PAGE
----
- Audio & Video
We've all learned a new word - Vuvuzela - and what a glorious word it is too!
It's an incredibly handy and wondrous addition to English. Use it as a noun, an adjective or a verb, what more could you want from the name of a musical (?) instrument?
It must be common enough in South Africa but we didn't know of it until the FIFA World Cup 2010, now all of us can vuvuzela with the best of them!
OK, so it sounds like a maddened elephant, but who cares? It's South African after all.
I must confess I'm not a great fan of soccer. I can't even call it football. I've grown up with a totally different game, Australian Rules Football, and I still reckon Aussie Rules is the best game there is.
Mind you, I've enjoyed the Unofficial World Cup of Food (that's my entry by the way) but it's not really the same thing is it? However, when I first heard the startling stridency of the Vuvuzela, my attitude changed. I lost my heart, not to the game, but to the Vuvuzela's urgent call.
Did Joshua use the Vuvuzela to bring down the walls of Jericho? I wouldn't be at all surprised.
Time to take your Vuvuzela!
Wonderful happy song Salutation. I've been playing this in the morning, lunging and stretching.. It certainly beats marching on the spot!
Get your own Vuvuzela!
Go on, be the first of your friends to blow your own vuvuzela. You don't have to confine it to football matches, let your inner raspberry run free!
Hopefully, you have understanding neighbours.
Forget the honking car horn. Express your personality with a hearty blast from your very own vuvuzela.
What does wikipedia say about Vuvuzela?
Acknowledging my ignorance of the Vuvuzela, I headed over to wikipedia to see what others had to say on the subject.
A quick scan told me not very much at all :
..a typical 65 cm (2 ft) plastic blowing horn that produces a loud, distinctive monotone most used at football matches in South Africa ... a symbol of South African football as the stadiums are filled with its loud and raucous sound that reflects the exhilaration of supporters.I already knew that.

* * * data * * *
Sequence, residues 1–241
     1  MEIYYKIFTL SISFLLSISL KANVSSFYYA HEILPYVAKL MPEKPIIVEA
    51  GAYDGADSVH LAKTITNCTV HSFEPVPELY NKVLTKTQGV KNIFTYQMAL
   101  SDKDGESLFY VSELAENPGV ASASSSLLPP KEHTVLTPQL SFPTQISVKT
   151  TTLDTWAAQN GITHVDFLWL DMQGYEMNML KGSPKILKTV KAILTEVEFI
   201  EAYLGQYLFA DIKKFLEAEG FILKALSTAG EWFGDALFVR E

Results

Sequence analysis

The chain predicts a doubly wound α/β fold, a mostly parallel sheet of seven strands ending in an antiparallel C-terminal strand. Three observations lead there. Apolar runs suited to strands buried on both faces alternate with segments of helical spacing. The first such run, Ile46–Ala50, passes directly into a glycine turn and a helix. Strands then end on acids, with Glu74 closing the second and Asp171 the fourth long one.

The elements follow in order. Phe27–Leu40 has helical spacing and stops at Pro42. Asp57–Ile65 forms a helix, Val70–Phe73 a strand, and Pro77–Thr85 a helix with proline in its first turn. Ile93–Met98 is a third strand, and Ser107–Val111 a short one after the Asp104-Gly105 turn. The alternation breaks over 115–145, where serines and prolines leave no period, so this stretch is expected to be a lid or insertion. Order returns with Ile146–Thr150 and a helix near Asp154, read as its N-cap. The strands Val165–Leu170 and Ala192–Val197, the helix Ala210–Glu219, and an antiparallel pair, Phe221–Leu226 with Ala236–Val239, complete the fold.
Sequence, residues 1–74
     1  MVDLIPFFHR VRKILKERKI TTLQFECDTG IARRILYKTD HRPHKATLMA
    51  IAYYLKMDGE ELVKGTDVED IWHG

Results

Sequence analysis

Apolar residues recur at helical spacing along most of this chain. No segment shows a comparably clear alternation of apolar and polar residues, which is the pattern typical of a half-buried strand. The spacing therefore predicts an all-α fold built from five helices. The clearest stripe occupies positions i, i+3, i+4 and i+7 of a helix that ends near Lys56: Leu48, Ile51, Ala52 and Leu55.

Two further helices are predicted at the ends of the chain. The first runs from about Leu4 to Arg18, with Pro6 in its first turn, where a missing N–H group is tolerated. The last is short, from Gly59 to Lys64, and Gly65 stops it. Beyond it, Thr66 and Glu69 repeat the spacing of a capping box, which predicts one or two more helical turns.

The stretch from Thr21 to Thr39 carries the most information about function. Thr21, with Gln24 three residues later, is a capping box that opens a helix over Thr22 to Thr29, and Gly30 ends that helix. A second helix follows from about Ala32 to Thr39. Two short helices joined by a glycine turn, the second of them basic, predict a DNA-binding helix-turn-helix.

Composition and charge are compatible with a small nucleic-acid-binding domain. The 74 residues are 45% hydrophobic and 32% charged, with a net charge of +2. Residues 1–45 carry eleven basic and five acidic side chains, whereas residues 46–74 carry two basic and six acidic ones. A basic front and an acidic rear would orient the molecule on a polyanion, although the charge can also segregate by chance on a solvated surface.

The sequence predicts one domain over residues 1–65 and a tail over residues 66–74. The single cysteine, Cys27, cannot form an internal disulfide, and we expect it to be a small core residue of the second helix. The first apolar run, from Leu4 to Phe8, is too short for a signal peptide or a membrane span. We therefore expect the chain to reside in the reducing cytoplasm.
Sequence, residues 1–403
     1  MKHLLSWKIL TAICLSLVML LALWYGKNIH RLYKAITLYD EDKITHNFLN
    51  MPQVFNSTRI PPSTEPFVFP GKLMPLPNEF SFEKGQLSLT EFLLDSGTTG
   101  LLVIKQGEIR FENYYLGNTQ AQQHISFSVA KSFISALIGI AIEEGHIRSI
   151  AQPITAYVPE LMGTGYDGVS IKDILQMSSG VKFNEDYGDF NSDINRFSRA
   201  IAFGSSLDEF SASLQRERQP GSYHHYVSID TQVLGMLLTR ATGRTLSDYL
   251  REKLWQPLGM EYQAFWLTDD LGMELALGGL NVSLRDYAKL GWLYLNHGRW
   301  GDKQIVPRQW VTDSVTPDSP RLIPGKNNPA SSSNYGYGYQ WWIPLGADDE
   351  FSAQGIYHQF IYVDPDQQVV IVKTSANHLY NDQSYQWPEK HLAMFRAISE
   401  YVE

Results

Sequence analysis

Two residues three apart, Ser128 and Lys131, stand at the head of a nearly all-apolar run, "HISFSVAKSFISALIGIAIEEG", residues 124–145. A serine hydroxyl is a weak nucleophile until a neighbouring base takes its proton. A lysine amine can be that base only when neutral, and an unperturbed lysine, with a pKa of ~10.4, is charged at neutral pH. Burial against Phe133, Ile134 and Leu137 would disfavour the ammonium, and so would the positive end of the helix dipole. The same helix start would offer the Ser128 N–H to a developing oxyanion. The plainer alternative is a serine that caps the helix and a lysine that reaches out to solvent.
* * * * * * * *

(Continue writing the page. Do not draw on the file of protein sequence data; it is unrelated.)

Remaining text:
What I didn't know was that there's a legal challenge to playing the Vuvuzela. Not for potential harm to the ears of innocent bystanders, no, no, but for actual ownership of the Vuvuzela! A church group claims the Vuvuzela belongs to them, and to them alone.
How about you?
Would you get a Vuvuzela?
What's your opinion?
What do you say about the Vuvuzela?
10% of my income goes to continue the work of Fred Hollows in treating avoidable blindness and improving indigenous health.
Photo : Khim Rath, who can now see after a successful cataract operation, Kampong Chhnang province, Cambodia.
Blindness is a significant public health issue in Cambodia. Over 160,000 people are blind and an additional 20,000 become blind each year. The main cause of blindness is cataract, which can be treated by a simple 15 minute operation at an average cost of $25 (AUD$35).
All vuvuzeling is greatly appreciated. You don't have to be a Squidoo member to vuvuzela me!
(Note the superbly adaptive nature of the word)